Udaipur hacking brings focus on radicalisation by Pak-based Dawat-e-Islami | Latest News India | #computerhacking | #hacking


One of the killers of Kanhaiya Lal, Ghous Mohammed had gone for religious training at DeI headquarters in Karachi in 2013-2014 but there is no evidence till now that he had also received weapons training in Pakistan.

The savage murder of Udaipur tailor Kanhaiya Lal for blasphemy has brought focus on the activities of Pakistan-based Dawat-e-Islami in India with one of the killers admitting that he had gone for religious training in Karachi in 2013-2014.

The case is currently being investigated by the National Investigation Agency (NIA), with the Rajasthan government suspending police personnel who did not take action on a threat and stalking complaint filed by the victim, as well as the criminal ramifications of allegedly promoting the anti-Prophet remarks by the former BJP leader.

Tailor Kanhaiya Lal was hacked to death by Ghous Mohammed and Riyaz Attari for supporting former BJP leader Nupur Sharma’s anti-Prophet remarks on Tuesday. While the electronic devices recovered from both the killers and those detained for providing logistics support to the crime have been sent for forensic analysis, interrogation of the accused revealed that they were self-radicalised and followers of Karachi-based Dawat-e-Islami leader Illyas Attar Qadri, whose followers call themselves Attari.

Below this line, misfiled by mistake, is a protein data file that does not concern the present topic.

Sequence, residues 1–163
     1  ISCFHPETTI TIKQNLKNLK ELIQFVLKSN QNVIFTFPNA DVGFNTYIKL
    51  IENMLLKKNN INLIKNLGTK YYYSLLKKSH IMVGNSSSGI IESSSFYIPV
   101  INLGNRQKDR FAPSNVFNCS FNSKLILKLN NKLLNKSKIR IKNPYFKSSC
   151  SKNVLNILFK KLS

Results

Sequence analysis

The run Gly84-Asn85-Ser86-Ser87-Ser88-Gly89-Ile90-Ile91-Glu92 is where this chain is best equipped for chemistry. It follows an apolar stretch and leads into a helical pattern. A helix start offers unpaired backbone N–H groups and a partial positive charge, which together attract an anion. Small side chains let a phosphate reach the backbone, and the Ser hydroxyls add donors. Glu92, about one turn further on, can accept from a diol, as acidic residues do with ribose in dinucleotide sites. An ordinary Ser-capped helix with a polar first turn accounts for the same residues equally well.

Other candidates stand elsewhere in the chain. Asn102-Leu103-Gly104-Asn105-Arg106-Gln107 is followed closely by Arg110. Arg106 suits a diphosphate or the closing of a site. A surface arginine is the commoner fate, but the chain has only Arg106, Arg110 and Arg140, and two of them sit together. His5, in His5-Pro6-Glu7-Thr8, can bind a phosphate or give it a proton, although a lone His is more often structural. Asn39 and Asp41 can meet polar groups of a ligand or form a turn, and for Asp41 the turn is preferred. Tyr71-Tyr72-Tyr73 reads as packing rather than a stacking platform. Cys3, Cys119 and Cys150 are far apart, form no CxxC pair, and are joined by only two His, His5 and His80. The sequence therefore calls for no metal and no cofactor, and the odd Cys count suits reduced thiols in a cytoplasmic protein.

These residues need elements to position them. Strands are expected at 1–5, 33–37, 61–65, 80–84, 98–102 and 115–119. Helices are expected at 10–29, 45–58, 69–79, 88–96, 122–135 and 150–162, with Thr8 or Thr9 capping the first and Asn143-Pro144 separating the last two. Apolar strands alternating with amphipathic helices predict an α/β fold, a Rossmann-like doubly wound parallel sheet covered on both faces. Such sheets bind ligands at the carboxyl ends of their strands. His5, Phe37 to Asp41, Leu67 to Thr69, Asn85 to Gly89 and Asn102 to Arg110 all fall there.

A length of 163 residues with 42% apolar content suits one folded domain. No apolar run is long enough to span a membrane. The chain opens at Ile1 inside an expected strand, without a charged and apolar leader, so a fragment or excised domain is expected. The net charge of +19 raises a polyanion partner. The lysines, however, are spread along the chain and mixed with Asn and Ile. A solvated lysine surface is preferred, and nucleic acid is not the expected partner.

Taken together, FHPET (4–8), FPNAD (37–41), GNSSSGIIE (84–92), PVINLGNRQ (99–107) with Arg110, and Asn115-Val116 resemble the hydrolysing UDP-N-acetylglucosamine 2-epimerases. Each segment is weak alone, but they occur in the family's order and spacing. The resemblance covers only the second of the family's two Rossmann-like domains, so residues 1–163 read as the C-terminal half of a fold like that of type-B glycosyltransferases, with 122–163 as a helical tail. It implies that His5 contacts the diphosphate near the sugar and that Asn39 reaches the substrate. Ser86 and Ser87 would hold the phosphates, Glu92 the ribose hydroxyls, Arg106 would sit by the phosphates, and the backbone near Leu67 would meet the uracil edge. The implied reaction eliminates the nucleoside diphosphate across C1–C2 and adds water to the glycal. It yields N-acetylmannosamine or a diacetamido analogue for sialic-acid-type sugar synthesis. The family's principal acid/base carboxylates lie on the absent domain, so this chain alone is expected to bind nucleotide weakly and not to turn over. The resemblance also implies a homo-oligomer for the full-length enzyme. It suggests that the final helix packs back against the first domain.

The killer of Pakistan Punjab Governor Salman Taseer, who spoke against blasphemy laws, belonged to the same Karachi Barelvi sect. Taseer was killed by his bodyguard Malik Mumtaz Qadri on January 4, 2011.

Also Read | Protests erupt in Jammu over Udaipur tailor’s brutal killing

Investigating officials say whether the killers acted on their own or were directed from outside will only be clear after the mobile phones of the accused will be analysed for contacts and WhatsApp messages.

According to counter-terrorism experts, Ghous Mohammed had travelled to Saudi Arabia for Umrah in 2013 and 2019, but till now there is no evidence that he received any weapons training apart from religious training in Karachi. Senior Muslim clerics of Gujarat and Hyderabad have often blamed the Pakistan-based sect for collecting donations from India and then using them to fund Pakistan-based terror groups to target India. The Dawat-e-Islami sect believes in imposing Sharia in Pakistan and preaches to followers on the Quran and Sunnah. The sect is close to the Pakistan-based Tehreek-e-Labbaik extremist group, which is totally opposed to any change in the blasphemy law in the Islamic Republic and is rooted in Barelvi ideology.

While the police interrogators of the two killers found them to be unrepentant about the dastardly crime to which they confessed, internal security agencies are examining the larger ramifications of the inroads made by Pakistan-based Dawat-e-Islami. Although Riyaz Attari has not travelled to Pakistan, he was the man who had crafted the knives used to butcher the tailor.



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